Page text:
## Should the GRAYCODE function return a row vector in IML?

I have been experimenting with the GRAYCODE function within an IML program and thought I would post my experiences for the benefit of others.

I was expecting to be able to define a vector x = j(1, 4, 0), set k = -1 and then call

rc = graycode(k, x);

in a loop, where x would cycle through all the combinations (effectively a representation of the binary numbers 0 to 15 in a minimum change order).  If I do that, I get an unhelpful error insisting that the first argument k should be binary, I think I can see now why I get this, but not the first few times.  It seems the only way to use it, is to provide a list of scalars that have all been pre-initialised.  So the following does work:

k = -1;
a = 0; b = 0; c = 0; d = 0;
do i=1 to 2##4;
rc = graycode(k, a, b, c, d);
print i k a b c d rc;
end;

the only problem is that I am thinking of putting this in an algorithm with 2^19 iterations, and managing 19 scalars is cumbersome to say the least.  Wouldn't it make much more sense to get the scalars returned as a row vector?  My solution is to create the row vector myself using the return codes, and just feed in zeros rather than scalars. This is far from intuitive, but does do what I want.

k = 0;
x = j(1, 4, 0);
rc = 0;
print x rc;
do i=2 to 2##4;
rc = graycode(k, 0, 0, 0, 0);

x[rc] = 1 - x[rc];
print x rc;
end;

I also tried  rc = graycode(k, , , , ) but regretted it!

1 ACCEPTED SOLUTION

Accepted Solutions

## Re: Should the GRAYCODE function return a row vector in IML?

I understand your frustration. I have blogged about the problem of calling Base SAS functions that require a list of parameters, and have provided a method that I often use to handle INPUT parameters: Calling Base SAS functions from SAS/IML: How to handle argument lists? - The DO Loop

In this case, the Base SAS function is providing multiple OUTPUT parameters, so you can't use my trick. However, you can solve your problem by using the CALL GRAYCODE subroutine rather than the GRAYCODE function.  It's not clear from your description whether you need a numerical vector or whether a character string will suffice. In the following statements, s is a character string; if you need a numerical vector, use the new functionality of the SUBSTR function to convert the string to a vector:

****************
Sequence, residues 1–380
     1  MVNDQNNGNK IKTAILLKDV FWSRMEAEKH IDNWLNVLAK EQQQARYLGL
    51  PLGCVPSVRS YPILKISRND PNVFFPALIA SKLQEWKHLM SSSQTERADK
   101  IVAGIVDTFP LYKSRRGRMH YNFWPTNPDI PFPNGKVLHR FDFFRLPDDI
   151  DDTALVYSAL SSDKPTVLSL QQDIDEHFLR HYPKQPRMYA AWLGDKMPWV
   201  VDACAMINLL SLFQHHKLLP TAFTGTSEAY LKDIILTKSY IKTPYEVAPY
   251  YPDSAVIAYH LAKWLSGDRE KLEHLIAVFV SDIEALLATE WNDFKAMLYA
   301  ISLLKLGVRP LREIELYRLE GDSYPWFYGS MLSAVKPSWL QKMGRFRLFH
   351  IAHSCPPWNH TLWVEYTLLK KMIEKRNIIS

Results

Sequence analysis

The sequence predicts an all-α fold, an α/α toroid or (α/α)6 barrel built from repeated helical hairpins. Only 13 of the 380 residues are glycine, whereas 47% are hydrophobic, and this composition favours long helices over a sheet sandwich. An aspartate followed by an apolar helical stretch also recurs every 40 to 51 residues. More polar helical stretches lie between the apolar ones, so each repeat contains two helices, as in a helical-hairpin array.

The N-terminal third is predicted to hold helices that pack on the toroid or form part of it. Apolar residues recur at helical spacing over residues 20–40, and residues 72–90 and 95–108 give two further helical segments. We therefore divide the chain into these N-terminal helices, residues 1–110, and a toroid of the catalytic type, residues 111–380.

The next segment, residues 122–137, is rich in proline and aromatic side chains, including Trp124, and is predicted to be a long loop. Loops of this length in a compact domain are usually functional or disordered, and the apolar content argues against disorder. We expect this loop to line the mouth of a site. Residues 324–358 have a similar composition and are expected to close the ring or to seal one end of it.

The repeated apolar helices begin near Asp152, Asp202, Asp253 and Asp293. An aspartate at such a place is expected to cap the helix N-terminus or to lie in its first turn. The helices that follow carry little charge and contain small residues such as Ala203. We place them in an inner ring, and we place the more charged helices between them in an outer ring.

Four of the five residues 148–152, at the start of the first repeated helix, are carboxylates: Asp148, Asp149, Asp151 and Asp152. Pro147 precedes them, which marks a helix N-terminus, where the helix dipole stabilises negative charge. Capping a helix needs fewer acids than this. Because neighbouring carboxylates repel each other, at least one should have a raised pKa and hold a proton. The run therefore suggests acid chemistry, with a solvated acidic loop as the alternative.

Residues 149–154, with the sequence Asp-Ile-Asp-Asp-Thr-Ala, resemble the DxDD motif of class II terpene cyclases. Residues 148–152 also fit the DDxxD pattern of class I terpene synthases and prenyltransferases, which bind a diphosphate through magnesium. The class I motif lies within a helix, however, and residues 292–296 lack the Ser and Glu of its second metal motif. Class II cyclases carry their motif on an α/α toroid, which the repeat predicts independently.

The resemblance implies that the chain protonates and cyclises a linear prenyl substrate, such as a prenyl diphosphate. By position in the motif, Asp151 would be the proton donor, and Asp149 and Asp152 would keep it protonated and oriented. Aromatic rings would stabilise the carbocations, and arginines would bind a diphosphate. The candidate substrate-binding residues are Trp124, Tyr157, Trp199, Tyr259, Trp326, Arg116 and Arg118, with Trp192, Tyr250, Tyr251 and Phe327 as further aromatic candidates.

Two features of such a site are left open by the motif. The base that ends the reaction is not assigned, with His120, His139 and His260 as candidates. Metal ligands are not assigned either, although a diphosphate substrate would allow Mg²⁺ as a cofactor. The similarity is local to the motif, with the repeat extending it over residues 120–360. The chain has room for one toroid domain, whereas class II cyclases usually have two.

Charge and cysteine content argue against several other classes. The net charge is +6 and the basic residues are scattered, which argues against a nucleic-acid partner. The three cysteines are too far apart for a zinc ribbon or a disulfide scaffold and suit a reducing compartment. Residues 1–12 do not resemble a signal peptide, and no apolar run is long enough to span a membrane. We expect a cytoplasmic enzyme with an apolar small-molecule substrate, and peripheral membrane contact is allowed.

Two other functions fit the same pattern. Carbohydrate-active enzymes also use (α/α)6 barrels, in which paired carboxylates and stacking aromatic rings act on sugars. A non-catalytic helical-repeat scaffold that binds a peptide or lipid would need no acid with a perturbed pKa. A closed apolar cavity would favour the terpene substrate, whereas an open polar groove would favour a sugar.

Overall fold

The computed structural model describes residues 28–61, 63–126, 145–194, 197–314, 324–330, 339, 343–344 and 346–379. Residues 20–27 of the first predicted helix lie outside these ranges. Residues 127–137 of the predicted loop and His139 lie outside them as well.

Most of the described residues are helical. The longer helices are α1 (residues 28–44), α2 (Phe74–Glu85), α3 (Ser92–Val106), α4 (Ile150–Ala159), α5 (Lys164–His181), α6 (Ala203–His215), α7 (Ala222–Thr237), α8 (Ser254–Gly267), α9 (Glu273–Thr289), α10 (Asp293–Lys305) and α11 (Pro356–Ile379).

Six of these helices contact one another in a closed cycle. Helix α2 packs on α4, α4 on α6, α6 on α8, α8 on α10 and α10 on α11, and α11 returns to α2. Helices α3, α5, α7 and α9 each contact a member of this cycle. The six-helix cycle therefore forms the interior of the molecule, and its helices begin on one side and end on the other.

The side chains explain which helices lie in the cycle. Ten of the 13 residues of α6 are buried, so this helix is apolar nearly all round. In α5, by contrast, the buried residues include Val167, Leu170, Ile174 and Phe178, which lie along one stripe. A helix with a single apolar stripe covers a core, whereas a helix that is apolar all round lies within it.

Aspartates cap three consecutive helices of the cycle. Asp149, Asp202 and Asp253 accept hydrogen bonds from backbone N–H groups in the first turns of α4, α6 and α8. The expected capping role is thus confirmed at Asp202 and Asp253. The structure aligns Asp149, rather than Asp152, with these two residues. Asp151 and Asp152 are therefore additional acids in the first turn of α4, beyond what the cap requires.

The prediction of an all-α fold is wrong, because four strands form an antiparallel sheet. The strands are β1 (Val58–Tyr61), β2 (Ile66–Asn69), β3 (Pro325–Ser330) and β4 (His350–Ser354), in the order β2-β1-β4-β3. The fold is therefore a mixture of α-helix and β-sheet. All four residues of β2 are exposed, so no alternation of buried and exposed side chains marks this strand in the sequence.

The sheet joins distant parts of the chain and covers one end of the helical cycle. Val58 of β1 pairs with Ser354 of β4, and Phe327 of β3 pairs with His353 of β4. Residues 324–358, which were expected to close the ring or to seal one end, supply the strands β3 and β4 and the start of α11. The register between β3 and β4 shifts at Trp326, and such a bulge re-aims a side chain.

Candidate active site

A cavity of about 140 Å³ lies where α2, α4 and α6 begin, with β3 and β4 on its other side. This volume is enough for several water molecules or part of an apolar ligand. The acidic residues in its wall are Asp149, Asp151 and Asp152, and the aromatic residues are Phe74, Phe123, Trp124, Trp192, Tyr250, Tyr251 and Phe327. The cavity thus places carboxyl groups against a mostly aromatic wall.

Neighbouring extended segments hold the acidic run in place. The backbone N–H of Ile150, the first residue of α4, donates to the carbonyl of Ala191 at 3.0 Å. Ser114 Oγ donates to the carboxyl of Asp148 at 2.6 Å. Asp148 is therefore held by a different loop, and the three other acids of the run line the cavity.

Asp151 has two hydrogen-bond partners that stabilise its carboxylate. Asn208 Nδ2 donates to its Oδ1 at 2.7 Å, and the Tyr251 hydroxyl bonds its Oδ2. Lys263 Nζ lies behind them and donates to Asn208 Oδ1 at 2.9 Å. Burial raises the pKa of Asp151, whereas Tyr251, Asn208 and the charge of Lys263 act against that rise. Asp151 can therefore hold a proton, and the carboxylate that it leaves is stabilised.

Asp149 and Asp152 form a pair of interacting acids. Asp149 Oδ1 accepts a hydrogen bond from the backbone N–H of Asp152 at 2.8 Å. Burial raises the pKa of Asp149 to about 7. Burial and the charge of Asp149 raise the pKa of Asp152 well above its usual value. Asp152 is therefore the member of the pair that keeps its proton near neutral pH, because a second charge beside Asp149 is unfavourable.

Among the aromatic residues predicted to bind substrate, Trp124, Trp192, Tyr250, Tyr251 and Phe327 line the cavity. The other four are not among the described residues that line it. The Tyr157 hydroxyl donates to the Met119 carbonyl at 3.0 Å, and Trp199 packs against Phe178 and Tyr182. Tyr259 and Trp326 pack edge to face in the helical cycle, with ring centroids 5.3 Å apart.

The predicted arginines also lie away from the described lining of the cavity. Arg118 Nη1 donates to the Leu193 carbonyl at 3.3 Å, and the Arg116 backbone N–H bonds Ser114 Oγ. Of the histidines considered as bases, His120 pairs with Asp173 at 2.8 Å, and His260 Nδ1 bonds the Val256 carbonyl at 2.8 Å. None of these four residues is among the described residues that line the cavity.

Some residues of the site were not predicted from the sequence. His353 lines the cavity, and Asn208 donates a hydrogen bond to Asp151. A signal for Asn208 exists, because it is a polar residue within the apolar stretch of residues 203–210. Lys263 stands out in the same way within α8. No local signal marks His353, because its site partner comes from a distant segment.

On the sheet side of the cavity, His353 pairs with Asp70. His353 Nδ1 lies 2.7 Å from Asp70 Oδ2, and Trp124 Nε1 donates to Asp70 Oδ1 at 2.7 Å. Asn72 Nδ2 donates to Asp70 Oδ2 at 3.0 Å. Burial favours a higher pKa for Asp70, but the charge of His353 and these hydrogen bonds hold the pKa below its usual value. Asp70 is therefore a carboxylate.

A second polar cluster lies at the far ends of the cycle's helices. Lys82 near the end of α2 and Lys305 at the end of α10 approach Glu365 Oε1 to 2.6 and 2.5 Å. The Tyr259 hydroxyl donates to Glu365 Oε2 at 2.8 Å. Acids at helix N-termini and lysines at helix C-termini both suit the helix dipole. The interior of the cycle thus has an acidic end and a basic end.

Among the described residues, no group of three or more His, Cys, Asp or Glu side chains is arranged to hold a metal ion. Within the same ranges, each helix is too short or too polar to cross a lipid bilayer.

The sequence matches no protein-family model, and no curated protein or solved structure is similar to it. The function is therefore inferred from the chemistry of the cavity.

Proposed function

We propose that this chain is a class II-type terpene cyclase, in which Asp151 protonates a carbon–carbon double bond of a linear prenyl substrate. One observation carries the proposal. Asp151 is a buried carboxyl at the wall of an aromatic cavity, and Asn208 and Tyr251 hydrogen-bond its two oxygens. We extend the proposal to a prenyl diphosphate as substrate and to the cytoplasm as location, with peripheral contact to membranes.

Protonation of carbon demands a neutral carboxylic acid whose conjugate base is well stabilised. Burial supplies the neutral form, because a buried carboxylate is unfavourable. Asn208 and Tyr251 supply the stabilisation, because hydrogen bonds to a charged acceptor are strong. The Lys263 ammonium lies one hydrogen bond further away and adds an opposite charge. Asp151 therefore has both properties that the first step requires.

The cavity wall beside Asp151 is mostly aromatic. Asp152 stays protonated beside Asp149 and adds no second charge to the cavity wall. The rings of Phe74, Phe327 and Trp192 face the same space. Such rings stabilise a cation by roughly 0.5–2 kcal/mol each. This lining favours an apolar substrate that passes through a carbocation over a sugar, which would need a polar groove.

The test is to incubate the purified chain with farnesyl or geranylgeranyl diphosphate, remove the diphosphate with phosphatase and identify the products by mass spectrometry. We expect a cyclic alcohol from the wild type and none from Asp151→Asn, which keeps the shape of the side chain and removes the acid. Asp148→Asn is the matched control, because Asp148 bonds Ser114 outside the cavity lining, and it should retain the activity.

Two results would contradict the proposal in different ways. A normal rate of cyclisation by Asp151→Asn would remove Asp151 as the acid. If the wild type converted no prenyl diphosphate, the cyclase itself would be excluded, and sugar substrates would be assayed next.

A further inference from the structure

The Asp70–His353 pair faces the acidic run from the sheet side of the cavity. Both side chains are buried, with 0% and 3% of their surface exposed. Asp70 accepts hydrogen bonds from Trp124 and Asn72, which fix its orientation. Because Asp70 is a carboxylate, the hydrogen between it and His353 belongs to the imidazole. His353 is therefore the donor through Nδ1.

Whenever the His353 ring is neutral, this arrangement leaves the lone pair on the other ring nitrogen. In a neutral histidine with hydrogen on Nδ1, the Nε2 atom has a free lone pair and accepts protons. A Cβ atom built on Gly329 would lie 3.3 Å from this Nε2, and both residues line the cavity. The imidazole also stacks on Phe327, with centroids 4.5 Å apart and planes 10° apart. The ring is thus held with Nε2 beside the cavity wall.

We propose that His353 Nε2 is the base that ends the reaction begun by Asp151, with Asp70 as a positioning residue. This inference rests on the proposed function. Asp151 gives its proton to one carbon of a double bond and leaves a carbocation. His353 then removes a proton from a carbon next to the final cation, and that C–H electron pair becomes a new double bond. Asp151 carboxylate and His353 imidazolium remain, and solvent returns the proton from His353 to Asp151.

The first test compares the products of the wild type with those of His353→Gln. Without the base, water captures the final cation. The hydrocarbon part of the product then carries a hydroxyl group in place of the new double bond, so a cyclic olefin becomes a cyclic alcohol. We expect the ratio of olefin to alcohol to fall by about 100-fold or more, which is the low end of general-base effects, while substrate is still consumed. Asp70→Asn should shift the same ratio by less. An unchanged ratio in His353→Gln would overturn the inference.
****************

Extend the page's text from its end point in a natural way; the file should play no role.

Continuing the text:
s='0000';

n=length(s);

k=countc(s, '0');

do i=2 to 2##n;

call graycode(k, s, n, '01');

x = num(substr(s, 1:n, 1));  /* necessary */

print i  k s x;

end;

BTW, when the initial string has 19 characters (s='0000000000000000000';) the program completes in less than a second, so it appears to be sufficiently efficient.

2 REPLIES 2

## Re: Should the GRAYCODE function return a row vector in IML?

I understand your frustration. I have blogged about the problem of calling Base SAS functions that require a list of parameters, and have provided a method that I often use to handle INPUT parameters: Calling Base SAS functions from SAS/IML: How to handle argument lists? - The DO Loop

In this case, the Base SAS function is providing multiple OUTPUT parameters, so you can't use my trick. However, you can solve your problem by using the CALL GRAYCODE subroutine rather than the GRAYCODE function.  It's not clear from your description whether you need a numerical vector or whether a character string will suffice. In the following statements, s is a character string; if you need a numerical vector, use the new functionality of the SUBSTR function to convert the string to a vector:

s='0000';

n=length(s);

k=countc(s, '0');

do i=2 to 2##n;

call graycode(k, s, n, '01');

x = num(substr(s, 1:n, 1));  /* necessary */

print i  k s x;

end;

BTW, when the initial string has 19 characters (s='0000000000000000000';) the program completes in less than a second, so it appears to be sufficiently efficient.

## Re: Should the GRAYCODE function return a row vector in IML?

Many thanks for your tips Rick.

From The DO Loop